The BBC has commissioned a major new documentary film on climate change.
Charlotte Moore, the BBC’s director of content, said in a speech last night that the new film will be called “Two Degrees”. She added:
“We want it to be the definitive film on climate change. To cut through the confusion, tell audiences the facts without any other agenda, explore what a dangerous level of climate change could really mean. It will be unflinching about the potential catastrophe that’s unfolding. And offer the facts about what can still be done.”
“Because, for all the uncomfortable truth, the message…is, ultimately, a positive one: we have the power to do something. We hold the future in our hands.”
No further details about the film have yet been provided by the BBC. However, Carbon Brief has exclusively obtained more information.
The 90-minute film is scheduled to air in a primetime slot on BBC One at the end of March next year. It will be part of a week-long series of environmentally themed programmes called “Blue Planet Live”.
“Two Degrees” is currently the working title of the film. It will be the first time BBC One has aired a primetime documentary dedicated to the topic of climate change since 2007. On 21 January of that year, a documentary presented by Sir David Attenborough called “Climate Change: Britain Under Threat”, was broadcast at 8pm on BBC One.
The new film’s executive producer is Jonathan Renouf, who made a 2008 series on climate change for BBC4 called “Earth: Climate Wars”. The film’s series producer is Serena Davies and it will be directed by Kate Dooley.
The film entered pre-production earlier this month, with filming due to take place between November and January across multiple locations (yet to be decided) around the world.
Carbon Brief understands that the film will be narrated rather than “presenter-led” and that Sir David Attenborough will not be involved.
The film will likely be structured around three distinct parts across its 90 minutes.
The current plan is to focus part one on the fact that the world has just experienced a year of extremes weather events, such as the “Beast of East” cold spell, wildfires and record-breaking summer heatwaves. This has triggered public discussion about the contribution played by human-caused climate change.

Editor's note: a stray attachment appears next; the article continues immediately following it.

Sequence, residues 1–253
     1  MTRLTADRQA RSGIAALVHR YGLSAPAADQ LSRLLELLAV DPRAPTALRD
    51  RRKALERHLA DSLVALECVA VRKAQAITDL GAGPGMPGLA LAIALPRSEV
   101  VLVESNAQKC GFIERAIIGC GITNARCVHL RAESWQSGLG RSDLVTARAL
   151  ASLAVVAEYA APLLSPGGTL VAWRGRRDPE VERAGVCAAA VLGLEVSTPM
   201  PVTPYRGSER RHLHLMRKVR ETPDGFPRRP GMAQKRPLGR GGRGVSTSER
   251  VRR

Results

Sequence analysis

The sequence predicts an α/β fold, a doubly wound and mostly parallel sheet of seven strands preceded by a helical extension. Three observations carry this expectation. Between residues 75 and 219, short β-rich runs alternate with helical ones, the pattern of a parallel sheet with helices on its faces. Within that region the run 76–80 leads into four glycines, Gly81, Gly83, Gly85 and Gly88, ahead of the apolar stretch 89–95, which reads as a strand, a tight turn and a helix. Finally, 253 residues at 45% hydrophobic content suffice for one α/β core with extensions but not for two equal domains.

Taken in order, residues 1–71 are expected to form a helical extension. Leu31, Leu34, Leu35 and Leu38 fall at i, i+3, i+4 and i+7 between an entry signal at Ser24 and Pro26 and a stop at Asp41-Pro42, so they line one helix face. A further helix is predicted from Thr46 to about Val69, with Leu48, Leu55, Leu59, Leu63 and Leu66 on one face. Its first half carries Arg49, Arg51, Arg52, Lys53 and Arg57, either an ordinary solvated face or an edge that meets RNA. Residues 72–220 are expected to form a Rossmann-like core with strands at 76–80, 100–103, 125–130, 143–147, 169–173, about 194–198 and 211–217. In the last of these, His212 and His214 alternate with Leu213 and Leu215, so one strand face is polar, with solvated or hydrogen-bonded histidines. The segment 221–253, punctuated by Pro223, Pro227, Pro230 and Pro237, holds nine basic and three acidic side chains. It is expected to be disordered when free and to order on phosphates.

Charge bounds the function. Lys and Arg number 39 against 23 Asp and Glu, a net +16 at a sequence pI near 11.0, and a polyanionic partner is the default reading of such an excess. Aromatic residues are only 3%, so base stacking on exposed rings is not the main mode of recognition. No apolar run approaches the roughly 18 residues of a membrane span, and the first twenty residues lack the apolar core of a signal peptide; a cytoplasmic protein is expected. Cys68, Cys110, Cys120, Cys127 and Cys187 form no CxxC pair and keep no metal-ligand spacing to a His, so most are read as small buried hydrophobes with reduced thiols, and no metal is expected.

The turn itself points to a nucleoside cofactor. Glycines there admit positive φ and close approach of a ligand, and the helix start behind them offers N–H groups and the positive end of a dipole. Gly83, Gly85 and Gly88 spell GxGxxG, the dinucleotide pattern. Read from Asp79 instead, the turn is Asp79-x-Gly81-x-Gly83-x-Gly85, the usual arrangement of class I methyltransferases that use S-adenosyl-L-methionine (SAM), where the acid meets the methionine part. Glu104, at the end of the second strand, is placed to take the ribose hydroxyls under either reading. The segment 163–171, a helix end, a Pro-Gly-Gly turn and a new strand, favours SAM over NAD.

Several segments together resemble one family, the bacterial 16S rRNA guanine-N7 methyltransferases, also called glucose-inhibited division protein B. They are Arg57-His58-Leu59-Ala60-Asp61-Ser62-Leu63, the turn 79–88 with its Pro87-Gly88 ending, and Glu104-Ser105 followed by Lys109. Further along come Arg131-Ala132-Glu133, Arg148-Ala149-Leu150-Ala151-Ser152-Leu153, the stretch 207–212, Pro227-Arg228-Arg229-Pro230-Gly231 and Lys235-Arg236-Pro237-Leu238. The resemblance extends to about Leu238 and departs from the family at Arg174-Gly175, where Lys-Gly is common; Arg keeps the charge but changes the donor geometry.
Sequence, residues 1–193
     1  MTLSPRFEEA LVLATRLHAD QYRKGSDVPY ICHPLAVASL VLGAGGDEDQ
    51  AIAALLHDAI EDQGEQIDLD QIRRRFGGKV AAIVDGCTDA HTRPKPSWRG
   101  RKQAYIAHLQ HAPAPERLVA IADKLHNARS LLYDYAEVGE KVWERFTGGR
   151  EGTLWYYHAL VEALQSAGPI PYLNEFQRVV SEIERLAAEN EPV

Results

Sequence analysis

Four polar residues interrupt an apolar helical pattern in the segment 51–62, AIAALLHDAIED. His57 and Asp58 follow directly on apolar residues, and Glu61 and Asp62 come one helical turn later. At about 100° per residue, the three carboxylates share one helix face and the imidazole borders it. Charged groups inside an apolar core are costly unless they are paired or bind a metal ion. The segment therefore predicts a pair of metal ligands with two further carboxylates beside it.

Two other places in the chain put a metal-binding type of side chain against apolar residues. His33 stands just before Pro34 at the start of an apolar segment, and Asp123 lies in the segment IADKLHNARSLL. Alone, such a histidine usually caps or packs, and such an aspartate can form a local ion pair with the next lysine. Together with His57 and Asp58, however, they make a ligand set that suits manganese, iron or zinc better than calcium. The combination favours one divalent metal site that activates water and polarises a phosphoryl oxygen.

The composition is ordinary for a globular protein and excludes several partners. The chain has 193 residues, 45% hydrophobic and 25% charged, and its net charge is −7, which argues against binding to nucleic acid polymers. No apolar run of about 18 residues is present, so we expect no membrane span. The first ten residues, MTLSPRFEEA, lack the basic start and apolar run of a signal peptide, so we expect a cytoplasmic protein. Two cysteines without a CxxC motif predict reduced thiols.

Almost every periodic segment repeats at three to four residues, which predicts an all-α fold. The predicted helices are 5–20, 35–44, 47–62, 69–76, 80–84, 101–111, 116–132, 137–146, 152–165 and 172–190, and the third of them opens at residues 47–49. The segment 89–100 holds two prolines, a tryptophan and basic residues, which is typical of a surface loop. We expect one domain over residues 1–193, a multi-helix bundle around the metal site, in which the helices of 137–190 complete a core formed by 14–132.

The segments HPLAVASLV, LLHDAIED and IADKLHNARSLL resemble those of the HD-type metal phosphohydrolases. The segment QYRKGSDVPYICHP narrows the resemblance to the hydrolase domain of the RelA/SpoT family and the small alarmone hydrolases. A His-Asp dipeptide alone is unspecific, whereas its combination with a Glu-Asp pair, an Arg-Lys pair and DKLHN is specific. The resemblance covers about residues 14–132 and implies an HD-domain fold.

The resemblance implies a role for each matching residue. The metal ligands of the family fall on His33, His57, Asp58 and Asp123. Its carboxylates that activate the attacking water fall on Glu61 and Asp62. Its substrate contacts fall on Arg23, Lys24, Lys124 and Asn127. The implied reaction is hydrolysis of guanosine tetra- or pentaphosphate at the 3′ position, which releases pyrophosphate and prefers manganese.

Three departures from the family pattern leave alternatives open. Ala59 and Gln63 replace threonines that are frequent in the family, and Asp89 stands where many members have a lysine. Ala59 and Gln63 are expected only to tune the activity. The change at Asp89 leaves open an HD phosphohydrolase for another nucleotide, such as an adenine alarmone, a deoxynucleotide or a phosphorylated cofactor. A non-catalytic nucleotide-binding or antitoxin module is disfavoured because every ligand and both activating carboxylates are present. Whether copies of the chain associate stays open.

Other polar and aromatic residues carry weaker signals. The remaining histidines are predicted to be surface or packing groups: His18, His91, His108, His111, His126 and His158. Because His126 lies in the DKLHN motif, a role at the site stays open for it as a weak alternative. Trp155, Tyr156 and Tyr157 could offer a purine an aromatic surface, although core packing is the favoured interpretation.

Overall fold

This first section will also include a “Where are we now?” and short history of climate science. There will be testimonies from those affected by the extremes, as well as interviews with scientists in the field.
Part two will be themed, “Where are we going?”. There will be a focus on “tipping points” and why 2C of global warming matters as a threshold. It will not just concentrate on the science, but also pan out to cover the economics and politics.
The concluding part will focus on, “How do we save ourselves?”. But Carbon Brief understands from a source involved in the planning that this section will “avoid cliched case studies of renewables, etc, and focus instead on surprising advances and innovations which showcase human ingenuity”. It will avoid the narrative of “sacrifice”. It will allow the interviewees to explain the politics and how the “incumbency is resisting change”.
The commissioning of “Two Degrees” comes just weeks after the BBC issued internal guidance to all its editorial staff on how to accurately report climate change. As Carbon Brief revealed, staff were sent a four-page “crib sheet”, as well as being offered a one-hour training course.
Carbon Brief understands that the film will adhere to the new guidance and that it will, therefore, not be “balanced” with contributions from those who do not accept that humans are causing the climate to change. The film will not challenge facts such as humans are causing the world to warm and the impacts of that warming will be overwhelmingly negative.
The film will be advised by scientific consultants – as is normal for a film such as this – but they have yet to be named.
Exclusive: BBC One to show first primetime film on climate change since 2007
Exclusive: BBC One to air first primetime film on climate change for 12 years